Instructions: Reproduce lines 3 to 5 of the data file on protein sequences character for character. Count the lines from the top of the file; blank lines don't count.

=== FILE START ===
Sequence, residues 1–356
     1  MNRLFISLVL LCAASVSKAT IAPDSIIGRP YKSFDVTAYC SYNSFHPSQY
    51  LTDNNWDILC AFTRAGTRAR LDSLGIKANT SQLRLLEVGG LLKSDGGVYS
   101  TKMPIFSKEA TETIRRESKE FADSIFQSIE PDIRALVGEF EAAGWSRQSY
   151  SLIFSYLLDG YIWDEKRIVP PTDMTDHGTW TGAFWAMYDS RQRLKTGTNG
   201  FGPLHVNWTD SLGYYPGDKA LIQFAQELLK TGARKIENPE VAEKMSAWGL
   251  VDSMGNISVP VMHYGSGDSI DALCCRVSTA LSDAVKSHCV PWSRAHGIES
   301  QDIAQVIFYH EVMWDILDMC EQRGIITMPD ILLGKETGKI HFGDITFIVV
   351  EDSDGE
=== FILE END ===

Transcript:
    51  LTDNNWDILC AFTRAGTRAR LDSLGIKANT SQLRLLEVGG LLKSDGGVYS
   101  TKMPIFSKEA TETIRRESKE FADSIFQSIE PDIRALVGEF EAAGWSRQSY
   151  SLIFSYLLDG YIWDEKRIVP PTDMTDHGTW TGAFWAMYDS RQRLKTGTNG